Driving in to work this morning, I heard the song, “I Refuse” by Josh Wilson come on and thought it was the perfect answer to NACSW’s question: “How does your faith interact with your social work?” Here’s the video:
These powerful lyrics always seem to be the perfect reminder for me regarding why I went into this field in the first place. The Persian poet, Rumi, perfectly describes this calling in his famous quote: “Everyone has been made for some particular work, and the desire for that work has been put in every heart.” This desire to engage in the particular work I do, to serve and advocate for others, has been so strong for me that I truly find it to be more sustaining than draining. Being in that “sweet spot” that Max Lucado talks about in Cure for the Common Life is precisely where I’ve found myself by allowing my faith to be a guiding light in learning what I was designed to do.
However, I’ve also found that faith has a whole other role in my social work practice.
While I’m passionate about following and connecting with what Josh Wilson sings about, I have found over the years that a delicate balance must be maintained between giving every last bit of myself to others, and remembering to practice self-care so that I may have the resources to continue to give.
Recently, I was asked to return to Sandra Lopez, LCSW, ACSW, DCSW’s Professional Self-Care class at the University of Houston to discuss Spirituality and Professional Self-Care. While I typically try to keep the lecture objective and focus on the research around spirituality, religion, and health, I was asked to step outside of my comfort zone and talk about how I integrate spirituality into my practice. The discussion that followed made me realize even more that while my faith interacts with my practice by fueling my drive to passionately do what I love and to be attentive and respectful towards clients’ unique religious/spiritual beliefs, I’ve found that my faith is also what helps me hit the brakes when I take on a little too much.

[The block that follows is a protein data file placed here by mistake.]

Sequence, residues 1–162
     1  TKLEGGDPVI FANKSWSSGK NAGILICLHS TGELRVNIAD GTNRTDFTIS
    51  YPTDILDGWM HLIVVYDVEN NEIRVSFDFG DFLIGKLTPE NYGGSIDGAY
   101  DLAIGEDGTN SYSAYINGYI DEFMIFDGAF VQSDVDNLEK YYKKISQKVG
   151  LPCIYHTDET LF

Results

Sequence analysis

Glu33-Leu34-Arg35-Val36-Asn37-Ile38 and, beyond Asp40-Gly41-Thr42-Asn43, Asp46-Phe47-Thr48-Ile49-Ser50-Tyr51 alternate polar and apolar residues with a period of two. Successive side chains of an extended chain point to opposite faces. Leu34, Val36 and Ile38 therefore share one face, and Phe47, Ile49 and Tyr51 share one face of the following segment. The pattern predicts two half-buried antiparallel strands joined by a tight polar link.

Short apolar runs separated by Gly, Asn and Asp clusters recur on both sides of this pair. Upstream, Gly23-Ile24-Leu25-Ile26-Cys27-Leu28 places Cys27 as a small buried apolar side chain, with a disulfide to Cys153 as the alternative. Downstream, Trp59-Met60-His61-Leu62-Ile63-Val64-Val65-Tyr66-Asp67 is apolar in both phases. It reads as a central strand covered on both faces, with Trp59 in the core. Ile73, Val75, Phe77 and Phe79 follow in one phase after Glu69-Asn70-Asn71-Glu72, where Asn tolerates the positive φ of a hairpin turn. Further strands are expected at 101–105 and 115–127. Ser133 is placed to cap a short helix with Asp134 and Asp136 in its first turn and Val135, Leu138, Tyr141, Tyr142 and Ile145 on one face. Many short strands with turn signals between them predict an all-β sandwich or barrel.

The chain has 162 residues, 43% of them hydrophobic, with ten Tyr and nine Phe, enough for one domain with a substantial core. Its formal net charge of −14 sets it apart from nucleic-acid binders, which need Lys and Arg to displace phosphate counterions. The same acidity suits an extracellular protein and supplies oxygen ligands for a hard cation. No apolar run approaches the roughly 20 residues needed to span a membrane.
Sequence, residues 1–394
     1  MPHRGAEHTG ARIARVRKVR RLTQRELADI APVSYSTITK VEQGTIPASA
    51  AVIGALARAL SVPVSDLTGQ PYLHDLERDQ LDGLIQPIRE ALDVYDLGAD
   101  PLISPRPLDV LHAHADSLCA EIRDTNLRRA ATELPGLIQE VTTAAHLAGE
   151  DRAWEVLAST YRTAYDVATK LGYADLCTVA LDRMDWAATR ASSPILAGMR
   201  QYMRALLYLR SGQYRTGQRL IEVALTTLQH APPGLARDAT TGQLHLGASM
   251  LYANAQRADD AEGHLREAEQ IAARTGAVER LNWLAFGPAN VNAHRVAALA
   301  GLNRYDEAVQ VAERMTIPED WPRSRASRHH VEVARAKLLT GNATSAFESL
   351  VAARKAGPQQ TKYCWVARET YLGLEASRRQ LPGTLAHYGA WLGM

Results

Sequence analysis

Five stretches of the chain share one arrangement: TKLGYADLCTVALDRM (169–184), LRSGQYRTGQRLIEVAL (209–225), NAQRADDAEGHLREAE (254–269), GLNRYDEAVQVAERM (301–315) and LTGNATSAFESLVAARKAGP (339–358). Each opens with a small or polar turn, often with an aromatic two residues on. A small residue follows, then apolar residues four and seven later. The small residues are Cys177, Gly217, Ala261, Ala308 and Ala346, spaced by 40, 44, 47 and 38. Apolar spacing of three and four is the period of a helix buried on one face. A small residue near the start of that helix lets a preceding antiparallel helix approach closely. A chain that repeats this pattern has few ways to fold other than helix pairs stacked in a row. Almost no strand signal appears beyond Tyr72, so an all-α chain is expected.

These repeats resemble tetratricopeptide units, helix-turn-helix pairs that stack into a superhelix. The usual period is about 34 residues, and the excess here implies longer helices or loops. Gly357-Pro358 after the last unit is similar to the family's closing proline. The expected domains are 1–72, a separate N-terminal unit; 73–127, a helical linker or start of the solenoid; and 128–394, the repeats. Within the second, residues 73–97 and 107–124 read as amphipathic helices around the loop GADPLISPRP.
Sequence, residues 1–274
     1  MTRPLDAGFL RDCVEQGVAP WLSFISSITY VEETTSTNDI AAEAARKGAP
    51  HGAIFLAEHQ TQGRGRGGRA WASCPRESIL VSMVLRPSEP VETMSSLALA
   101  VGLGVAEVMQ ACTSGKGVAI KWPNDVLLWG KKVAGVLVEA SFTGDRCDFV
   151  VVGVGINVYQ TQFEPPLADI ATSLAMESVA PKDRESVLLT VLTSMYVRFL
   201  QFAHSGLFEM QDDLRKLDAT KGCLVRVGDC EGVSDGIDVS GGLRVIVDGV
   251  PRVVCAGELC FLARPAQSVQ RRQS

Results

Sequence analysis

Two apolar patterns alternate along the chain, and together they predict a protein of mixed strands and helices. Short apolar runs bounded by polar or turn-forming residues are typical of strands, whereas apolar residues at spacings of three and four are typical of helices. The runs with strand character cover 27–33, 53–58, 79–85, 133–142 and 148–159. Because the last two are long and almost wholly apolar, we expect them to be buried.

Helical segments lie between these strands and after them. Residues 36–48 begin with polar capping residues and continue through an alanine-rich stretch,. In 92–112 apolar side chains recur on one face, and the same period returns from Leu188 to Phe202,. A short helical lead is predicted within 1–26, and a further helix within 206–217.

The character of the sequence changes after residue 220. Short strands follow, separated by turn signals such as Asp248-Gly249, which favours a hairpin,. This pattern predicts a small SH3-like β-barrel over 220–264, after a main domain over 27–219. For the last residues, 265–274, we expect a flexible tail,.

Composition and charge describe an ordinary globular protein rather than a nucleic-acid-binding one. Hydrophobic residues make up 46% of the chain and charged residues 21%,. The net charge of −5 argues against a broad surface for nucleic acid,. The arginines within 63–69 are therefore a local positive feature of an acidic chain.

Depending on the situation and what’s going on in my life or practice, my faith keeps me engaged in a toolbox of spiritual practices which helps to center my focus, keep me grounded, remind me of the “big picture,” and offer the permission for me to take a deep breath and remember that “He is God and I am not.” Whether I’m meditating, praying, practicing gratitude, reading, painting, or just meeting with a spiritual mentor, it all is tied to my faith and practice and has a huge impact on my personal and professional self-care plan.
However you find that your faith interacts with your practice, I strongly encourage you to take the time (that I know is limited for all of us!) to reflect on its role in your personal and professional life, and to integrate it into your life in the way that was uniquely designed for you!
Holly has her MSW and is a current PhD student at the University of Houston’s Graduate College of Social Work and has been a member of NACSW since beginning her MSW program in 2009.